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Vitamin K against dark circles?

Vitamin K is a fat-soluble vitamin known for its essential role in blood clotting. It may also have an effect on dark circles under the eyes. Here is how Vitamin K could act against dark circles.

Published April 15, 2024, by Kahina, Scientific Editor — 4 min read

How does Vitamin K act on dark circles?

The vascular dark circles are due to the accumulation of waste (pigments) from the blood that have not been drained, and which show through the thin skin around the eyes. Due to its various characteristics, the vitamin K plays an important role in managing dark circles, and more broadly, issues with micro-blood circulation. The scientific literature has studied these roles.

Leslie BAUMANN and her colleagues analysed the impact of topical vitamin K on bruising (blues) following laser treatment for telangiectasias in two patient groups. The first group applied a vitamin K cream (5%) to one half of their face and a placebo (control) to the other half, twice a day for two weeks prior to the laser treatment. The second followed the same procedure for two weeks after the laser treatment. There was no difference between the scores of the vitamin K cream (4.577) and the placebo (4.778) in the first group. However, the scores of the vitamin K cream (3.858) and the placebo (4.364) were significantly different in the second group.

In parallel, Mohammad ALI SHATALEBI and Fatemeh AHMADRAJI investigated the effectiveness in vivo of an anti-dark circle patch composed of 3% caffeine and 1% vitamin K for the eye contour. A trial was conducted to study its visual effectiveness on eleven healthy women. The targeted dark circles are the bluish, or vascular, ones. Compared to the use of the placebo, the skin around the eye of all subjects experienced a decrease in dark circle pigmentation after four weeks. This result could indicate that vitamin K helps to reduce vascular dark circles.

Finally, Seiji KAWANA and his team evaluated the effects of the topical application of a gel containing 2% phytonadione (vitamin K), 0.1% retinol, and 0.1% vitamins C and E on bluish dark circles. 57 adults with dark circles participated in an open study. The gel was applied twice daily to the lower eyelid for eight weeks. Haemostasis (coagulation) and pigmentation were evaluated using a camera and a visual scale, respectively after four and eight weeks of treatment. The topical application of the gel reduced haemostasis. Out of 57 patients, 27 (47%) showed a decrease in haemostasis. However, pigmentation was not clearly eliminated by this gel.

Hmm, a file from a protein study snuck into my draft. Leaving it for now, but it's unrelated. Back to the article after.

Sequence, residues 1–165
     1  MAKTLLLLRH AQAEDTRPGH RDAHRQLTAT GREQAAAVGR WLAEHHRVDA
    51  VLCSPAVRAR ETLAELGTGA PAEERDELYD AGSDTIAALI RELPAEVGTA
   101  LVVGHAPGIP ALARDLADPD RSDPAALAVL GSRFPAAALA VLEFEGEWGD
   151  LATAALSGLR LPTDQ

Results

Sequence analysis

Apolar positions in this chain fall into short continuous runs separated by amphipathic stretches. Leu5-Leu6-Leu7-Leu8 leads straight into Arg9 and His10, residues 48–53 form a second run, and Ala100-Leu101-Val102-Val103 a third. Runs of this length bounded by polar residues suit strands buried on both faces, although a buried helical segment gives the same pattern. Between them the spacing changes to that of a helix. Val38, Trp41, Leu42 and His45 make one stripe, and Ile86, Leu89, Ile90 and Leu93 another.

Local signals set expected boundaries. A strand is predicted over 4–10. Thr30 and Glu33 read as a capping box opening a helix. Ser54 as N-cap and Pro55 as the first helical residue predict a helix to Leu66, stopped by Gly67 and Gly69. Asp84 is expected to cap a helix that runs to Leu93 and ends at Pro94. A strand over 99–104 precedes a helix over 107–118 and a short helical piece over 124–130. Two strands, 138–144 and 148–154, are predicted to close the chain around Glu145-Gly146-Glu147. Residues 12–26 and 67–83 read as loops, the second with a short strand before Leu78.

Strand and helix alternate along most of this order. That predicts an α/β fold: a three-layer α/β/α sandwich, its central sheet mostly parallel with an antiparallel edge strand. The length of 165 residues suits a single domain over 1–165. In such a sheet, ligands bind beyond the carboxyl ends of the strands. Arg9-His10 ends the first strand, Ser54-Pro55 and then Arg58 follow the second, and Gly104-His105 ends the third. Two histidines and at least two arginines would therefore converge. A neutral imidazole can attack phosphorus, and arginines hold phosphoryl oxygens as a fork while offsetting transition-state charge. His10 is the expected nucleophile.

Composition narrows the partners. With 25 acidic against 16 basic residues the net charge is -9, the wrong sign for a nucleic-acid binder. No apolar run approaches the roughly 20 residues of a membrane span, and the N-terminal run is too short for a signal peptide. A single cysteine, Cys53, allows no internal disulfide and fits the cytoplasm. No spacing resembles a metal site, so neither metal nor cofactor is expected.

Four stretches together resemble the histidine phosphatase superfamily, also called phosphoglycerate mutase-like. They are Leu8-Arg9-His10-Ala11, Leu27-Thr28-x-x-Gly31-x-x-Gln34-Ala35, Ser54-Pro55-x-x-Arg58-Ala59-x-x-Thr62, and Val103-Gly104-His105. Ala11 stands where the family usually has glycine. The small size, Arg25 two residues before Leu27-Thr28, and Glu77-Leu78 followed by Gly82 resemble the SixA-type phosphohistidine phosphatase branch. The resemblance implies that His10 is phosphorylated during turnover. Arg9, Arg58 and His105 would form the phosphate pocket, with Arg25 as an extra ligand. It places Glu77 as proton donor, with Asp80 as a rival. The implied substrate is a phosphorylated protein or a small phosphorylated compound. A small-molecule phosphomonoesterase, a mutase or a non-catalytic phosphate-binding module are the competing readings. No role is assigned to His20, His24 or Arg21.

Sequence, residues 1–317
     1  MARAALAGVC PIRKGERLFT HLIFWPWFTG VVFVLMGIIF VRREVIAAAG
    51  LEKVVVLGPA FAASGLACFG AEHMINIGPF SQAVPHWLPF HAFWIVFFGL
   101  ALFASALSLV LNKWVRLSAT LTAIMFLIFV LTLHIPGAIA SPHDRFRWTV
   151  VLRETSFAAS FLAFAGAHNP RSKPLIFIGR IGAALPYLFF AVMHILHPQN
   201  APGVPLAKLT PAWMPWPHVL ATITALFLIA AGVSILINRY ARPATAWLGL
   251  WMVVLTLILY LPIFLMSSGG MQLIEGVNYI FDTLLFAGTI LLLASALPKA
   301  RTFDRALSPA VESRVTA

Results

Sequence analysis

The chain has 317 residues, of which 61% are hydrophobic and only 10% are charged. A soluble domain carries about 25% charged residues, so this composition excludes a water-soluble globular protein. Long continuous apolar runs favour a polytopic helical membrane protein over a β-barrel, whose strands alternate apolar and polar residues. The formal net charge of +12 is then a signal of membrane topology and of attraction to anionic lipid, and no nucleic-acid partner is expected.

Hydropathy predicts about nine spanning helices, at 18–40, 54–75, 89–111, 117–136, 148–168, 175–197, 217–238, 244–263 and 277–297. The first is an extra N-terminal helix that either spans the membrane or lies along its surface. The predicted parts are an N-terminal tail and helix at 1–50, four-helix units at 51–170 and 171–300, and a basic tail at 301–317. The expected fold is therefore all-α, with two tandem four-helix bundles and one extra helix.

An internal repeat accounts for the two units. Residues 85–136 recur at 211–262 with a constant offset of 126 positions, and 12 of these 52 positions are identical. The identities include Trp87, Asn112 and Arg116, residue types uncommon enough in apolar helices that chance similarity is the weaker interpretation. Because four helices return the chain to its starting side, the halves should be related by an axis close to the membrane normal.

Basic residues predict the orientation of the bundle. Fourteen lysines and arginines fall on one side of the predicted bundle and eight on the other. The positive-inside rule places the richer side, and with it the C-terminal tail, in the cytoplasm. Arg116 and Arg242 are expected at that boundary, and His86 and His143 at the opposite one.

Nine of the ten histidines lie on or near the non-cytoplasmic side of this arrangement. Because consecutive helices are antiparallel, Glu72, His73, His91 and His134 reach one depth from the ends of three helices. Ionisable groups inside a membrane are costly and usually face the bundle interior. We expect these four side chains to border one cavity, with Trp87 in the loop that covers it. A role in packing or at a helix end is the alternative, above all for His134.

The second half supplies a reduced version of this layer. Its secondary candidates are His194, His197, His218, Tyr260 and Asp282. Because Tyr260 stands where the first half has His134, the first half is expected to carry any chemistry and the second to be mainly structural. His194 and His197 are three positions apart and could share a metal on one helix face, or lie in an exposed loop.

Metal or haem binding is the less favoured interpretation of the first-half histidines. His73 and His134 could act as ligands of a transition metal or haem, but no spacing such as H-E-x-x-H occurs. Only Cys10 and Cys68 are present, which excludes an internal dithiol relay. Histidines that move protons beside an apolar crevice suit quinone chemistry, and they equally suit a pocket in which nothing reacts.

According to this research, the topical application of Vitamin K may be effective on dark circles of vascular origin. No clear mechanism of action has been identified. However, it can be assumed that its effect on blood coagulation could potentially be responsible, for instance, through the strengthening of vascular walls. It may promote more efficient blood circulation by synthesising proteins of the walls, and by reducing the fragility and permeability of the vessels. The lymphatic drainage will be accelerated, and will further stimulate the elimination of accumulated waste and toxins.

However, these last two studies do not provide evidence of the effectiveness of Vitamin K specifically on dark circles, as other active ingredients were incorporated into the formulas used. Furthermore, only the vascular dark circles are targeted.


  • BAUMANN L. & al. The effects of topical vitamin K on bruising after laser treatment. Journal of the American Academy of Dermatology (2002).

  • KAWANA S. & al. The effects of topical application of phytonadione, retinol and vitamins C and E on infraorbital dark circles and wrinkles of the lower eyelids. Journal of Cosmetic Dermatology (2004).

  • AHMADRAJI F. & al. Evaluation of the clinical efficacy and safety of an eye counter pad containing caffeine and vitamin K in emulsified Emu oil base. Advanced Biomedical Research (2015).


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